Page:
Could police mistakes in Stephen Port case have cost lives, jury asked

ITV News London reporter on the first day of the inquests as families pay tribute to the victims

The inquests into the deaths of serial killer Stephen Port’s victims will examine whether "lives might have been saved" if police had investigated the early deaths differently.

Port was found guilty of murdering Jack Taylor, 25, Anthony Walgate, 23, Gabriel Kovari, 22, and Daniel Whitworth, 21, and handed a whole life order.

Unlike the criminal trial, the inquests would look at the “competence and adequacy” of the police investigations into his crimes and consider whether “mistakes were made” that delayed Port being brought to justice.

Opening the inquests on Tuesday, Coroner Sarah Munro QC said responsibility for the murders of four young gay men “ultimately rests with one man only – Stephen Port”.

But Ms Munro told the jury the police investigations into the deaths will be a focus of much of the evidence heard during the inquests.

“If you consider things may have gone wrong, think about the extent to which, if at all, that made a difference to the outcome of the investigation," she said.

She continued: “We will have to consider had the investigations into the earlier deaths been conducted differently, the lives of those who died later might have been saved.”

Serial killer Stephen Port Credit: Metropolitan Police/PA

During the inquest hearing, the victims' loved ones gave moving statements sharing anecdotes about the young men and the devastation their murders had caused.

Aspiring police officer Mr Taylor’s sister Jenny said the family were “heartbroken” without him.

She said: “There is no amount of words to even be able to explain how much he is missed or to describe the pain we have to go through on a day to day basis.

“Our whole world’s been shattered into pieces, our family has a big hole missing and we are all so broken without him. We love him so very much, we always have and we always will.”

Kent chef Mr Whitworth’s grandmother Barbara Whitworth said: “Daniel was my pride and joy and I can’t even begin to tell you how much I miss him.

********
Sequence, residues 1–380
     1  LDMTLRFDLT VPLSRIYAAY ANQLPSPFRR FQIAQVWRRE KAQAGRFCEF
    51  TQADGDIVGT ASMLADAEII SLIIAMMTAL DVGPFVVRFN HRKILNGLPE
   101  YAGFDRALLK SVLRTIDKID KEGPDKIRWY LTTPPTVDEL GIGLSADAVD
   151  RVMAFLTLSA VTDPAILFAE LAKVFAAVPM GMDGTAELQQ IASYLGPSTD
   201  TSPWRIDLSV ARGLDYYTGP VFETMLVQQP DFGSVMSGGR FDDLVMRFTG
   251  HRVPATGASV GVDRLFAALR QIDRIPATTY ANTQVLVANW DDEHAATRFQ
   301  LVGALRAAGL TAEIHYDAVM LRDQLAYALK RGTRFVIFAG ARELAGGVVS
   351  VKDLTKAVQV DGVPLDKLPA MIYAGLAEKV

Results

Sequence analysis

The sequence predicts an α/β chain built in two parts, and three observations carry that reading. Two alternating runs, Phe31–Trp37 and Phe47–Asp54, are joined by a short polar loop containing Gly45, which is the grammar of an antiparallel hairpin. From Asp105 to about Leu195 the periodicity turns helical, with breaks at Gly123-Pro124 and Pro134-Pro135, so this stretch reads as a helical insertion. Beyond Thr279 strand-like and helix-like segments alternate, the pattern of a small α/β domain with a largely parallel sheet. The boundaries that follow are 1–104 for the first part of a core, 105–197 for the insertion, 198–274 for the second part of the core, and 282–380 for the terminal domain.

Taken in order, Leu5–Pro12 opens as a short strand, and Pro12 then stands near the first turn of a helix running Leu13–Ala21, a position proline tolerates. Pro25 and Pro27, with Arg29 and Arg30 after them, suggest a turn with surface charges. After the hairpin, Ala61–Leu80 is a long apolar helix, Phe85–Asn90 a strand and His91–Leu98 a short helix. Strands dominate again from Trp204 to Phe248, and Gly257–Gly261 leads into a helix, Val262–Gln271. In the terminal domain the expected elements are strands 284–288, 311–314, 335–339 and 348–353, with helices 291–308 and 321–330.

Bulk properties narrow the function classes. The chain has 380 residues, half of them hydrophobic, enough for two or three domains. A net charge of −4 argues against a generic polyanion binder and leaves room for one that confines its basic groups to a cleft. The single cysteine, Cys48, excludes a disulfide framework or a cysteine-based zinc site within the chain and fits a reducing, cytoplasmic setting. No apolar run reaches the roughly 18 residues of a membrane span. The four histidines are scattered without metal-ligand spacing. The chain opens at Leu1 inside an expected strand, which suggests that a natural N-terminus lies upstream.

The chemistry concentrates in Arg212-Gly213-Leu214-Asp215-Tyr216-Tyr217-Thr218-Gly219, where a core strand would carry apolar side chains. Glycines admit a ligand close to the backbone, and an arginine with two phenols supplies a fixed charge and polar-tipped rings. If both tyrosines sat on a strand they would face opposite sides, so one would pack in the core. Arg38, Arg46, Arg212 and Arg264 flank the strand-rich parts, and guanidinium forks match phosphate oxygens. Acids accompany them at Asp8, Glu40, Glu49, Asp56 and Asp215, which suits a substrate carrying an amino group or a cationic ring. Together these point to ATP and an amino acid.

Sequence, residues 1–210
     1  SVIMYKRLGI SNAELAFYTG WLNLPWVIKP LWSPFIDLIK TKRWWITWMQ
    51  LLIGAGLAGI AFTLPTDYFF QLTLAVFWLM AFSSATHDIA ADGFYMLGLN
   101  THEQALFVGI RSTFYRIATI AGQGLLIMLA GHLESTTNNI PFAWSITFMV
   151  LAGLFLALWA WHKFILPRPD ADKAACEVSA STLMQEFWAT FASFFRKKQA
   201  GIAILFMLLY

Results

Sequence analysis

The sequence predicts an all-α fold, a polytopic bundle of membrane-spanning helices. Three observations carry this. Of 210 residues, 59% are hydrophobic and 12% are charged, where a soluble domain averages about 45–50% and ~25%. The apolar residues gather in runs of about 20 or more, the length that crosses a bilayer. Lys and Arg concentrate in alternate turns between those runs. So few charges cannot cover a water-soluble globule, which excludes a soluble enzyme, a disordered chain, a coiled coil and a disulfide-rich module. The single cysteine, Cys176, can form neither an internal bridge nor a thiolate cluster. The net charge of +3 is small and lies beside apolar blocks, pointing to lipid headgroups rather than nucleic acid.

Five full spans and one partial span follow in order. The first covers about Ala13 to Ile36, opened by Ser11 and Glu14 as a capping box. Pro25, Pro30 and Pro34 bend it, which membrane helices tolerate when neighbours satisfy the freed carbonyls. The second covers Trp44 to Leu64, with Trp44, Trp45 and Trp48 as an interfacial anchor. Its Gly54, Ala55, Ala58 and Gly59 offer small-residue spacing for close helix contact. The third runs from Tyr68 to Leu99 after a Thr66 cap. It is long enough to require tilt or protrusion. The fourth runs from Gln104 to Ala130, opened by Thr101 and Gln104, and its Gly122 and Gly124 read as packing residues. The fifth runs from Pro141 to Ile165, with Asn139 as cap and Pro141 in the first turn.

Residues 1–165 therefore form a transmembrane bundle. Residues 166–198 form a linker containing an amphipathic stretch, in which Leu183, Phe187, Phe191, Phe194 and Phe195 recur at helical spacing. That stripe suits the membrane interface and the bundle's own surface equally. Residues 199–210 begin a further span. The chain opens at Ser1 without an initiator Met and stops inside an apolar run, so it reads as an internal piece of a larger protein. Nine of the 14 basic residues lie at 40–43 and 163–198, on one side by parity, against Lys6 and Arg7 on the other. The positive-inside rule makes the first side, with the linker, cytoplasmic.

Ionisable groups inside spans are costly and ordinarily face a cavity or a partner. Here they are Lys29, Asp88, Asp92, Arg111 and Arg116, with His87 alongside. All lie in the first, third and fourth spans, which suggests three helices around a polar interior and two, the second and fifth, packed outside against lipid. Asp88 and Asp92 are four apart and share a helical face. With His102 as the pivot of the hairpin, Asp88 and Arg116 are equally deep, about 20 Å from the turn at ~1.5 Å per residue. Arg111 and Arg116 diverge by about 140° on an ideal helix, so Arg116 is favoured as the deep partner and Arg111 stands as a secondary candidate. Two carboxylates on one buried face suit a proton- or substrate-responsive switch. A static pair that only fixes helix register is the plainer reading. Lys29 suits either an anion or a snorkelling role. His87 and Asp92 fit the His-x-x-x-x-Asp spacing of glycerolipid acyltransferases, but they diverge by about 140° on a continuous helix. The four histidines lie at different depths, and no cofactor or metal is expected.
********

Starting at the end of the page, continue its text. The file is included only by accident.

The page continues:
“He had his whole life in front of him and it seems so unfair that he was taken from us at such a young age.”

Mr Kovari’s brother Adam Kovari said: “My brother was an exceptional and ambitious young man that I am sure would be leading an amazing life today, if he had a chance.

“He made a mistake of trusting people too much. This cost him life, but it should not have done.”

Sarah Sak, the mother of Hull fashion student Mr Walgate, told how he had grown in confidence after moving to London to study, turning from a “cygnet to a swan”.

During the hearing, the coroner said Mr Walgate was Port’s first victim and was found dead in Cooke Street, Barking, on June 19 2014.

It was decided that the local police team rather than the Met’s specialist homicide command should lead the investigation into his death.

Officers quickly established it was Port who had called an ambulance for Mr Walgate, but when questioned he lied to police and gave no indication that he knew him.

It was a week later before they realised that Port, using the name Joe Dean, had in fact arranged to meet Mr Walgate, who was working as an escort at the time.

A special post-mortem examination could not establish the cause of death and it was another two months before it emerged he had died from an overdose of GHB.

Port was prosecuted for perverting the course of justice over the lies he had told police and was jailed in March 2015.

Coroner Sarah Munro QC ruled out homophobia as an issue for the jury to consider Credit: HMCTS handout/PA

But by that time, he had already killed his next two victims, Slovakian Mr Kovari and Mr Whitworth, who lived in Gravesend, Kent.

Within three weeks of each other, they were found dead in St Margaret’s churchyard “remarkably” by the same dog walker, just 300 metres from Port’s flat in Cooke Street, jurors heard.

At the time, Mr Kovari’s death was treated as “unexplained” but not suspicious, and toxicology tests found he had GHB in his system.

When Mr Whitworth was found, he was holding what appeared to be a “suicide note” in his left hand.

The note appeared to say Mr Whitworth was responsible for the death of Mr Kovari in an “accident”.

Ms Munro said the note was a lie, written by Port in an attempt to “cover up” the death, but that only became clear “much later”.

Inquests into the deaths of Mr Kovari and Mr Whitworth in 2015 were set aside at the High Court in the wake of the murder trial.

During the first inquests, a friend of Mr Kovari, John Pape, had queried whether there could be a link with the earlier death of Mr Walgate, but that was dismissed by a police officer.

Giving open conclusions in 2015, a coroner had expressed concerns about “third party involvement” in Mr Whitworth’s case.

Ms Munro told jurors: “If there appear to have been shortcomings in the way in which the police investigated these deaths, we must consider those shortcomings dispassionately and resist the temptation to look for scapegoats.”

She warned the jury to “beware the wisdom of hindsight” when considering what the police knew at the time of each of the deaths.

Metropolitan Police Deputy Assistant Commissioner Stuart Cundy attended the first day of the inquests, which are due to go on for up to 10 weeks.